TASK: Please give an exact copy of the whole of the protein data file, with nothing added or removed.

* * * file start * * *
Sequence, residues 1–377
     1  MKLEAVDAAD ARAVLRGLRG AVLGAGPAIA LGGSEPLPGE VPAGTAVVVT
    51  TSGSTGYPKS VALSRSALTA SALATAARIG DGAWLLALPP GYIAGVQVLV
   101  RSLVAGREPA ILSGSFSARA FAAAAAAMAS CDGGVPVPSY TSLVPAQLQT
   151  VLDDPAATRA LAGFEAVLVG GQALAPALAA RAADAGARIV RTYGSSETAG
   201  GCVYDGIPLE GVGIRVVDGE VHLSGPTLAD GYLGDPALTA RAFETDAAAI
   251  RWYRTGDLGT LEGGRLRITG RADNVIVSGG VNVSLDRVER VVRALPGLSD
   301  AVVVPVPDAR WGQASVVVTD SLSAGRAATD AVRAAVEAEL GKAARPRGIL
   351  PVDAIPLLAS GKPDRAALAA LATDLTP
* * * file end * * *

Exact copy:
Sequence, residues 1–377
     1  MKLEAVDAAD ARAVLRGLRG AVLGAGPAIA LGGSEPLPGE VPAGTAVVVT
    51  TSGSTGYPKS VALSRSALTA SALATAARIG DGAWLLALPP GYIAGVQVLV
   101  RSLVAGREPA ILSGSFSARA FAAAAAAMAS CDGGVPVPSY TSLVPAQLQT
   151  VLDDPAATRA LAGFEAVLVG GQALAPALAA RAADAGARIV RTYGSSETAG
   201  GCVYDGIPLE GVGIRVVDGE VHLSGPTLAD GYLGDPALTA RAFETDAAAI
   251  RWYRTGDLGT LEGGRLRITG RADNVIVSGG VNVSLDRVER VVRALPGLSD
   301  AVVVPVPDAR WGQASVVVTD SLSAGRAATD AVRAAVEAEL GKAARPRGIL
   351  PVDAIPLLAS GKPDRAALAA LATDLTP